The concept of dieting implies restrictions. In most cases, it is certain foods that are banned from your menu or the amount of calories that you can consume throughout the day is restricted. But there is another kind of diets which is now gaining ground: intermittent fasting. A recent research suggests it can be a good option for those who want to get rid of some extra pounds.
The very idea of fasting does not appeal to the majority of people living today – now that the media keep on promoting the enjoy-life-to-the-full attitude, it is no wonder few ever consider depriving themselves of the opportunity to enjoy food whenever they want. However, fasting can be beneficial in many ways, and one of them is losing weight. What is more, the approach is healthy.
What is intermittent fasting?
It is what its name suggests: periods of fasting are interspersed with periods when you are allowed to eat. To be exact, you are supposed to refrain from eating for 16 hours a day. While it may seem to be cruel at best, you can eat whatever you wish during the remaining 8 hours. Hence the name – 16:8.
Actually, it is not as scary as it may sound. Time-restricted eating is quite easy and effective, and you do not really have to focus on your empty stomach all days long. In fact, those who prefer16:8 diet sleep for the most of the fasting period. Say, if you schedule your eat-whatever-you-want period to be between 10 a.m. and 6 p.m., it does not look that terrible after all.
Today, more people are converting to 16:8 proponents. They claim this approach to nutrition yields great results and can help you lose weight, and anecdotal evidence has recently been supported by research.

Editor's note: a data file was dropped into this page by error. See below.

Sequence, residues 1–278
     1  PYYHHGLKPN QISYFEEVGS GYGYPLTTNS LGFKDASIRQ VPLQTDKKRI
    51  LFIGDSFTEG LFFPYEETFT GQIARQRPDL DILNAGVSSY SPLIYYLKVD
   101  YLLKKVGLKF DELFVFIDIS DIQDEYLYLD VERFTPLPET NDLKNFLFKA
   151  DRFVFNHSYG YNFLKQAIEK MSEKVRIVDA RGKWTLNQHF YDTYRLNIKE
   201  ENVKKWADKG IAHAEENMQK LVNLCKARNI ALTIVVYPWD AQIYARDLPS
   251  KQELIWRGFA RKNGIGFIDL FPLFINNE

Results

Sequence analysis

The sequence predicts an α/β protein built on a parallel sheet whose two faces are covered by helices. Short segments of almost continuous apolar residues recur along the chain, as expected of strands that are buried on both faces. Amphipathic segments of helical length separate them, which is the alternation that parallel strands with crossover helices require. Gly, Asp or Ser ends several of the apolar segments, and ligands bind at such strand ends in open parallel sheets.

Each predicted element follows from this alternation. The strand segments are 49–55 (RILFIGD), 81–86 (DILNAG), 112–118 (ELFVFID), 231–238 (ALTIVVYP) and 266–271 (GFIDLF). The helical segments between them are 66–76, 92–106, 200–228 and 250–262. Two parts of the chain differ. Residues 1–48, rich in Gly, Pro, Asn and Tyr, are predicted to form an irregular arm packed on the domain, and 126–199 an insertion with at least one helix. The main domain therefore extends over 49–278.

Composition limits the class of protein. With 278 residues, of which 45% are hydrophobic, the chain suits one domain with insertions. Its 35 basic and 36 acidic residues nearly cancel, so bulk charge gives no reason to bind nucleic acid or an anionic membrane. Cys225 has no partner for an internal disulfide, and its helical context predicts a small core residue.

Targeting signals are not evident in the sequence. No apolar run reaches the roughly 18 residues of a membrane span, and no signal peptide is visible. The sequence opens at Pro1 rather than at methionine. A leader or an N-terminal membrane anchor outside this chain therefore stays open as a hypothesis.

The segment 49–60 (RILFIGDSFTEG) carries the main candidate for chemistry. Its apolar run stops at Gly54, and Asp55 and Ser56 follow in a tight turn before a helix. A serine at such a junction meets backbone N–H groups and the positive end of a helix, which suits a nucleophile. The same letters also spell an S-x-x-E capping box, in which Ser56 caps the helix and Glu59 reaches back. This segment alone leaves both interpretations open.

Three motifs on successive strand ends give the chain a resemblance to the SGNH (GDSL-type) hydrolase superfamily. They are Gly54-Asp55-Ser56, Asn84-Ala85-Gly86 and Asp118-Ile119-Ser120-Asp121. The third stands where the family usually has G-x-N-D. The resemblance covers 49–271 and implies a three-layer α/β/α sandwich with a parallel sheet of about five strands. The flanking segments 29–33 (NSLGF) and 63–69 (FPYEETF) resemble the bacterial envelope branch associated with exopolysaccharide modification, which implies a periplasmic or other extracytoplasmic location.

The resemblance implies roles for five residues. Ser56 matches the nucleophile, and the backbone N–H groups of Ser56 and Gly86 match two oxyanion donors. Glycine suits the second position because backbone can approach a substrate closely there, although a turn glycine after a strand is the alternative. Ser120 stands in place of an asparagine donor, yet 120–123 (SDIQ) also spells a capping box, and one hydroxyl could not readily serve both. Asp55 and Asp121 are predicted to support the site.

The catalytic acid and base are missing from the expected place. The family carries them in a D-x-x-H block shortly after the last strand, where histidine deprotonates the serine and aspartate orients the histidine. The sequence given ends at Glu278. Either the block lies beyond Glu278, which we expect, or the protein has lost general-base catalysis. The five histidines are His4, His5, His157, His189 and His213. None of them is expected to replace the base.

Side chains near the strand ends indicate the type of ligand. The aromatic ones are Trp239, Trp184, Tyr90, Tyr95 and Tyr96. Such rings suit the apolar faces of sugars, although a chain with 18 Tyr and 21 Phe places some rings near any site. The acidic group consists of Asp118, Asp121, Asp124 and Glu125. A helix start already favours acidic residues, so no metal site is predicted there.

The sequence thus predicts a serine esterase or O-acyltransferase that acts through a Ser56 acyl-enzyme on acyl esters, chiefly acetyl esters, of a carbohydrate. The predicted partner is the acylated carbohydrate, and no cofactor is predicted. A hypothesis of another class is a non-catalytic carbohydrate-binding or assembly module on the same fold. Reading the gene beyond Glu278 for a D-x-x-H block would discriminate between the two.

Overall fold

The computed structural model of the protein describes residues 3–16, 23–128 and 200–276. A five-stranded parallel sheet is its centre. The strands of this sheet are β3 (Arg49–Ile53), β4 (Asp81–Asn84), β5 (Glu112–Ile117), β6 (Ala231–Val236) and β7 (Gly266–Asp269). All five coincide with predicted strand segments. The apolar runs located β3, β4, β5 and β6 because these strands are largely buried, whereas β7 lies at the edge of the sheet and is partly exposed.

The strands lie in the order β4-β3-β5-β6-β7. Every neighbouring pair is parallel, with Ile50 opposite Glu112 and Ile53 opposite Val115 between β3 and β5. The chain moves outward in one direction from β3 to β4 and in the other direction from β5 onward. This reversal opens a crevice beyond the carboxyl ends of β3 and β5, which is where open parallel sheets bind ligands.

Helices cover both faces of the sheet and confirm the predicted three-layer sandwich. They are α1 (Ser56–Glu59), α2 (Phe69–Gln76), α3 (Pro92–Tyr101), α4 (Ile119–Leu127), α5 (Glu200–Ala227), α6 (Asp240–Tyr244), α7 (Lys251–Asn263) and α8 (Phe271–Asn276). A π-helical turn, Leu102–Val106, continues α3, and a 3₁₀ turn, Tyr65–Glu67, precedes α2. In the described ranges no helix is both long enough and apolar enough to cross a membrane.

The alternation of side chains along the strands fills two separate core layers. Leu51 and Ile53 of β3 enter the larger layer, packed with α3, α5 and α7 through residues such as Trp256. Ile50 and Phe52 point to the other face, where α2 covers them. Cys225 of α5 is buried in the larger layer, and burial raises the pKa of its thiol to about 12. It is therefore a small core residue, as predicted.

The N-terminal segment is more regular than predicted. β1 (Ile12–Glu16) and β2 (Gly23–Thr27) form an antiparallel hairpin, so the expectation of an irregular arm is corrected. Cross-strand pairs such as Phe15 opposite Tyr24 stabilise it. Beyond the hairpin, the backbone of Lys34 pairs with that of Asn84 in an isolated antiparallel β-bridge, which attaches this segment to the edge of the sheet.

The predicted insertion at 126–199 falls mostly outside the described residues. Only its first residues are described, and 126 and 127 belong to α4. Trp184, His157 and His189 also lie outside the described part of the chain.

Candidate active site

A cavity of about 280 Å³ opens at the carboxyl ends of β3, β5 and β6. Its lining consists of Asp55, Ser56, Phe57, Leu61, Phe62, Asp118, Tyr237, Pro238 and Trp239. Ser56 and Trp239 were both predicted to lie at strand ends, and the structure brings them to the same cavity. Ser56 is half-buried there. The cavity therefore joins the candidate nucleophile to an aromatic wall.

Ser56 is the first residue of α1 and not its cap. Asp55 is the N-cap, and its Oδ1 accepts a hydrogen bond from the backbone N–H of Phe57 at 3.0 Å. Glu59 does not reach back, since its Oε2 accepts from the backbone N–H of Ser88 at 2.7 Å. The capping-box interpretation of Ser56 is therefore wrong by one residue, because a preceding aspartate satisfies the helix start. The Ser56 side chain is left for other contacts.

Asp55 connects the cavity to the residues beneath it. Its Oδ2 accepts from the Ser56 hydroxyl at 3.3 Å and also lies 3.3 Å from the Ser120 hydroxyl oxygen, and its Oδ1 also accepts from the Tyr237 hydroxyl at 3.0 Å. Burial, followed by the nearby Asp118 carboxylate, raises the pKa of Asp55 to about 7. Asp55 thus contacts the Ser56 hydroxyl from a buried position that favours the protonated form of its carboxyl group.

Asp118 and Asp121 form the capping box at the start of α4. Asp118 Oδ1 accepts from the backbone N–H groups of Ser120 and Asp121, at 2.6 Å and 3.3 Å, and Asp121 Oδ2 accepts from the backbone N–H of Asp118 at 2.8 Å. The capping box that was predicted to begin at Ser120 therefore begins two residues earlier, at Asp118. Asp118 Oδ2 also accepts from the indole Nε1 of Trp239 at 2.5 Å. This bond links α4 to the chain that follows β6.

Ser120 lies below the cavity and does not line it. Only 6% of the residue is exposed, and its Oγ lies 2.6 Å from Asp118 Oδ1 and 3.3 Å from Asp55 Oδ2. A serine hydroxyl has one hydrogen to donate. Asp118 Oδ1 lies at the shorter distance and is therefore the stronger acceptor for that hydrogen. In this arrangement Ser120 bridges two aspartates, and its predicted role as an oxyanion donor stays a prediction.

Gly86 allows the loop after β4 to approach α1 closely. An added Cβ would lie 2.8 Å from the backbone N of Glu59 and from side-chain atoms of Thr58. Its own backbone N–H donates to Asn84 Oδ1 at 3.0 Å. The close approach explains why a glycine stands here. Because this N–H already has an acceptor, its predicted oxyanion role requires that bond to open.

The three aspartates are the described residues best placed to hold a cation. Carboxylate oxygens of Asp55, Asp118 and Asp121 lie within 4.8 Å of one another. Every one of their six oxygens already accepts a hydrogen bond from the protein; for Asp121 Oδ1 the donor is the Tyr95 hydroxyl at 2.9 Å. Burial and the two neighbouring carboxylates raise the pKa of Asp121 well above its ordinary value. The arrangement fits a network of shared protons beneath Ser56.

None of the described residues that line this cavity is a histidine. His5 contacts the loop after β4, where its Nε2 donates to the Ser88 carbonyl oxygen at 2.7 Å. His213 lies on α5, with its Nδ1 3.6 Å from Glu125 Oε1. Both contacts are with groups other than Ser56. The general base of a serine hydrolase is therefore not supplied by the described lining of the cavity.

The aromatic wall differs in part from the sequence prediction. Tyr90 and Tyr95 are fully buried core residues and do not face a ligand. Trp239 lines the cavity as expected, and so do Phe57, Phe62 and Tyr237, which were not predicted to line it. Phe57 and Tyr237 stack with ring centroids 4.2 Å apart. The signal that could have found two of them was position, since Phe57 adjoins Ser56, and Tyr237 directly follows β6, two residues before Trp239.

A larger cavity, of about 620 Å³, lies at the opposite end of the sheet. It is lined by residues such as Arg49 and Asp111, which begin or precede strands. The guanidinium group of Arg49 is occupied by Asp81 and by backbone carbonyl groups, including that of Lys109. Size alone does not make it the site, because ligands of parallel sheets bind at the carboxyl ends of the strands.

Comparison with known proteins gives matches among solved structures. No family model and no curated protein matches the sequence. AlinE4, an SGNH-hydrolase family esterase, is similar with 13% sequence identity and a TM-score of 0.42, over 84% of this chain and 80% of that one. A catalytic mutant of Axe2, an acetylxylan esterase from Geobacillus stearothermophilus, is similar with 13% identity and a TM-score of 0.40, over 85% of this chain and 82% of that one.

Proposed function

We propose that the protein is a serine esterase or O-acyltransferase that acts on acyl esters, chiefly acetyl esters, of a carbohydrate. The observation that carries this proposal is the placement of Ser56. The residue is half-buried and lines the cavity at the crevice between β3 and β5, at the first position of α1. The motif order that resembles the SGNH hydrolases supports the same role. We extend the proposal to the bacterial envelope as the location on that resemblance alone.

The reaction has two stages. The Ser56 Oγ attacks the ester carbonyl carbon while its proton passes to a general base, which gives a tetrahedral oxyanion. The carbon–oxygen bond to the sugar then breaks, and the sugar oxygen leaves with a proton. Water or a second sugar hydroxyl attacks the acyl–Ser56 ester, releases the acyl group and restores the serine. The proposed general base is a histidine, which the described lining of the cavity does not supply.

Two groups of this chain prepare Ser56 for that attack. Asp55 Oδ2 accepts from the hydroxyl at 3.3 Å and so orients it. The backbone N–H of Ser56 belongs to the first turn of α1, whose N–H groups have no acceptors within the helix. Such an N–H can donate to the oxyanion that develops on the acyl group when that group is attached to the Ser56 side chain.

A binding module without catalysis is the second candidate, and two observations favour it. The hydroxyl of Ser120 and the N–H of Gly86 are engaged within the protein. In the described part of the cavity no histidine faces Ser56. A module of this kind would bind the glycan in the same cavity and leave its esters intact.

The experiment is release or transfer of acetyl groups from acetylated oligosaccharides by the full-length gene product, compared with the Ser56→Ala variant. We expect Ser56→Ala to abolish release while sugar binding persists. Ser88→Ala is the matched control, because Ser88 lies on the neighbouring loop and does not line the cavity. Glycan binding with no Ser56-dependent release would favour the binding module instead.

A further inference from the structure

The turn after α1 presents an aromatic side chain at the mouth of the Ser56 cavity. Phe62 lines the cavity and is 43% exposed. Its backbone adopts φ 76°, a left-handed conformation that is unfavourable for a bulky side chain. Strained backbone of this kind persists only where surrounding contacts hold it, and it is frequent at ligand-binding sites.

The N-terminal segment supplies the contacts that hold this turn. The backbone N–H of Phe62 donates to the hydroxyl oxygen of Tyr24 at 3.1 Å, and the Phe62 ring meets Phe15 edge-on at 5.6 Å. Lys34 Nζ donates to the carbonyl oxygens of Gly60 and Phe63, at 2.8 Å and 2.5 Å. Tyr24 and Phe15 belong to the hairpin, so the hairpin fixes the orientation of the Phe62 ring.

Does it work?
Scientific evidence suggests it does. A team of researchers at University of Illinois at Chicago reported that intermittent fasting can be an effective weight loss strategy and result in lower blood pressure.
They carried out a study in which 23 obese volunteers were enrolled. They had an average BMI of 35 and were 45 years old on average. The only restriction was eating time: the participants could eat only between 10 a.m. and 6 p.m., but there were no forbidden foods or even calorie counting. During the rest of the day, they could drink water, coffee and other calorie-free drinks (even diet soda was not banished from the menu!). The volunteers followed the diet for 12 weeks.
After that, their results were compared to those of the participants from another study, which focused on the effects of alternate day fasting. Its participants were used as controls. When the researchers analyzed the data they had collected, they found that those put on the intermittent fasting diet lost 3 percent of their body weight, and had lower blood pressure than those who took part in the control trial (their systolic blood pressure was 7 mm lower). Besides, the volunteers trying intermittent fasting ate 350 fewer calories than their counterparts.
Still, some parameters that are associated with health risks remained the same: no changes in cholesterol, insulin resistance and fat mass were detected.
Another piece of evidence suggesting intermittent fasting is beneficial to health was published in 2018. According to a team at University of Florida, the diet can reduce the risk of cardiovascular disease, slow down aging processes, benefit metabolic processes, and have a range of other positive effects.
As seen from what is written above, intermittent fasting is definitely an option to consider – be it a way to lose weight or just one more healthy diet option that you are looking for. There are drawbacks, though. Large-scale studies are needed to find out if there are long-term effects, and some of those who tried it say it is difficult to eat out when following the diet. Still, as of this moment, intermittent diet looks like a diet worth trying.
16/8 Intermittent Fasting: A Beginner’s Guide – healthline.com
Flipping the Metabolic Switch: Understanding and Applying the Health Benefits of Fasting – onlinelibrary.wiley.com